This thesis sheds light on the multiple identities of the Hispano people of the Española Valley in Northern New Mexico, a population that to outsiders is commonly misunderstood and stereotyped. It is a population regarded with some mystery, awe, and admiration, as well as fear and hatred, a population that even to itself sometimes remains an enigma. The qualitative study undertaken examined the culture and life experiences of 11 native Hispanics living in this community and explored their perspectives on gender and generational differences. Data were collected through individual, semi-structured interviews, which were then analyzed through a recursive process of reading transcripts, coding and categorizing. The themes that emerged, including but not limited to land, religion, education and economics, are presented, and implications and recommendations are discussed.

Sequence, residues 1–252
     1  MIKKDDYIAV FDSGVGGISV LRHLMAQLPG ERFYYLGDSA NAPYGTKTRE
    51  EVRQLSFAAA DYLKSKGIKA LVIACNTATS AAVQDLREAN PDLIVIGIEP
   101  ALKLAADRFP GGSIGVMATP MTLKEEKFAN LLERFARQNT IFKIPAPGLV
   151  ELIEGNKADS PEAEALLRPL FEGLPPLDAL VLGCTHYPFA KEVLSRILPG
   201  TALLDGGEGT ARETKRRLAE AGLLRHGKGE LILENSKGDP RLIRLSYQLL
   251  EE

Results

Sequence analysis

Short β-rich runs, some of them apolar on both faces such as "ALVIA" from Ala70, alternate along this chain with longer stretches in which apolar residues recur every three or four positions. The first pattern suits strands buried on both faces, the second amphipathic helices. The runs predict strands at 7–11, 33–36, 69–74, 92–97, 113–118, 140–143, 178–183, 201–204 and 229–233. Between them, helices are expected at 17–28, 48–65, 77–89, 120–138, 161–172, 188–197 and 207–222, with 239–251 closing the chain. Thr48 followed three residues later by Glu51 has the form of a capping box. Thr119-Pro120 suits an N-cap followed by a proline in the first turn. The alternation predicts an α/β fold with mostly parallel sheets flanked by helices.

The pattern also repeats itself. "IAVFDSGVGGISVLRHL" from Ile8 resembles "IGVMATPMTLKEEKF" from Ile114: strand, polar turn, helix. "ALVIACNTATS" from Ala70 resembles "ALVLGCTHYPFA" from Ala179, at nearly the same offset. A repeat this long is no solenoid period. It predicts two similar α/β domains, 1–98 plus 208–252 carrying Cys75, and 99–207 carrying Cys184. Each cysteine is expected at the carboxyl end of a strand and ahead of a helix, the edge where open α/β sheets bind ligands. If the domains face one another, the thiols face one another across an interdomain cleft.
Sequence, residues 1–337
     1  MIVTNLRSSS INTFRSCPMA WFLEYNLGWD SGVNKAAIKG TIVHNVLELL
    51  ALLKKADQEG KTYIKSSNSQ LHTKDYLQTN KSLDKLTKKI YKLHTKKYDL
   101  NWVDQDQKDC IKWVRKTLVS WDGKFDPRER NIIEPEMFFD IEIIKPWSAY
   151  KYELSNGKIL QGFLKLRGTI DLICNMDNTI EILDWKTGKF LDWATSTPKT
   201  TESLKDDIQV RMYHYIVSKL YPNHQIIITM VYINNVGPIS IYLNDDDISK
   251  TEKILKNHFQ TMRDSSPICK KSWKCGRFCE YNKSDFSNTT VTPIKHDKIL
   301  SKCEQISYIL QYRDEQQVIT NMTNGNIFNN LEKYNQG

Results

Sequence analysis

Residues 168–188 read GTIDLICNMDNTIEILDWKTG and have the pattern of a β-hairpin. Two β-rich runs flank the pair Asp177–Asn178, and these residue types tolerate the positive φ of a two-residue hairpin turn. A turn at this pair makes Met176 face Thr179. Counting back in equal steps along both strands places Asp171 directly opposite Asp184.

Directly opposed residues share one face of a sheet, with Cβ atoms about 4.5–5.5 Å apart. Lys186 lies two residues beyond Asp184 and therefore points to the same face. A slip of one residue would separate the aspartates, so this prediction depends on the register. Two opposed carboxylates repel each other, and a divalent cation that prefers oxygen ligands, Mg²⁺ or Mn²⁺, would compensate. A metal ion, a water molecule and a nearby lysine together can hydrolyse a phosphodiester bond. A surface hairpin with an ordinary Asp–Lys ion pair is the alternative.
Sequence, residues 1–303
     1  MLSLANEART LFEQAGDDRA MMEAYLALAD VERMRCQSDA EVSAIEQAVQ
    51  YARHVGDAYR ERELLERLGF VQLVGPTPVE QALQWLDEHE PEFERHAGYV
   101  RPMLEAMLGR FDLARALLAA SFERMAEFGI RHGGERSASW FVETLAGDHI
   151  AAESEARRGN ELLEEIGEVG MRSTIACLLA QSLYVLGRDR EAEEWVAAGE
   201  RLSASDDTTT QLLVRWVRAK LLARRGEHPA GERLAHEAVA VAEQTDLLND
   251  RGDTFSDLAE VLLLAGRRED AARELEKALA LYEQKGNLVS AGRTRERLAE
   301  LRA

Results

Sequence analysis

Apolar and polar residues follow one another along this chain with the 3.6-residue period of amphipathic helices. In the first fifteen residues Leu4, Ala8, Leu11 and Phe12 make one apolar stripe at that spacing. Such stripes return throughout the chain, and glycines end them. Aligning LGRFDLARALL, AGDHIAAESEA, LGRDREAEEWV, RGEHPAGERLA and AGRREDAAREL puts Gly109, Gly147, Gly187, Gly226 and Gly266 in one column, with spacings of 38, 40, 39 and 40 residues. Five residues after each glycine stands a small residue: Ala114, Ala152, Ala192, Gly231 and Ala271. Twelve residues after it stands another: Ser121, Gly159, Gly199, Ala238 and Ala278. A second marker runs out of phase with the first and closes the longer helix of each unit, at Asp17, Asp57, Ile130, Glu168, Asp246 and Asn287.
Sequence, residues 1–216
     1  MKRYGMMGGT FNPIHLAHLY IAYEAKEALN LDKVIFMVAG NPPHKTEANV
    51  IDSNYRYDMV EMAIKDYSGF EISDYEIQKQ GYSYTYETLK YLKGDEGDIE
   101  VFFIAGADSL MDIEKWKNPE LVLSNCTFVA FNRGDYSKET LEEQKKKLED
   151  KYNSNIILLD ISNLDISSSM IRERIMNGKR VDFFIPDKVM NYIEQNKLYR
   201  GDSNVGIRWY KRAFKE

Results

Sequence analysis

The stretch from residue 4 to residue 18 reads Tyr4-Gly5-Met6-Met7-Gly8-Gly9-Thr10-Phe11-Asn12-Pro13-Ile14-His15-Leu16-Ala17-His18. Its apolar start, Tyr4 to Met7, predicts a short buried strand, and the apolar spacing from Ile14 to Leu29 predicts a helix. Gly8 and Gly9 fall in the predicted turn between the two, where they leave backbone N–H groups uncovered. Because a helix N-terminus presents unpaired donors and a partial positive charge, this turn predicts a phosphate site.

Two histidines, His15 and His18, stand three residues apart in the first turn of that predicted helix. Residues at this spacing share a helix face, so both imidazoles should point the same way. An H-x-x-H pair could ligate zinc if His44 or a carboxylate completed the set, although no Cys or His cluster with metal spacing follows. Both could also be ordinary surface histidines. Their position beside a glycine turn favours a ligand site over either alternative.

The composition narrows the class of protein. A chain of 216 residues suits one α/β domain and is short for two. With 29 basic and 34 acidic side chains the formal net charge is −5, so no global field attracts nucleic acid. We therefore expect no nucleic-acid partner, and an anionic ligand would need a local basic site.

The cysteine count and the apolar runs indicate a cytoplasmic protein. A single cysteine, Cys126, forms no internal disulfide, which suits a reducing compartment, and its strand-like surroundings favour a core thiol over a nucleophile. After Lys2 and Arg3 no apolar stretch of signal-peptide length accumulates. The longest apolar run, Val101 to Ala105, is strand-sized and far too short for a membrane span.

Hispanic Americans--New Mexico--Espanola Valley--Ethnic identity, Hispanic Americans--New Mexico--Espanola Valley--Social life and customs, Ethnology--New Mexico--Espanola Valley
Emma Showman Scholarship Office of Graduate Studies RPT Grant
Level of Degree
Language, Literacy, and Sociocultural Studies
First Committee Member (Chair)
Burns Daniels, Elaine
Salazar, Maria Elena C.. "Spaña, New Mexico: Santos, Sonic and Second Cousins." (2010). http://digitalrepository.unm.edu/educ_llss_etds/51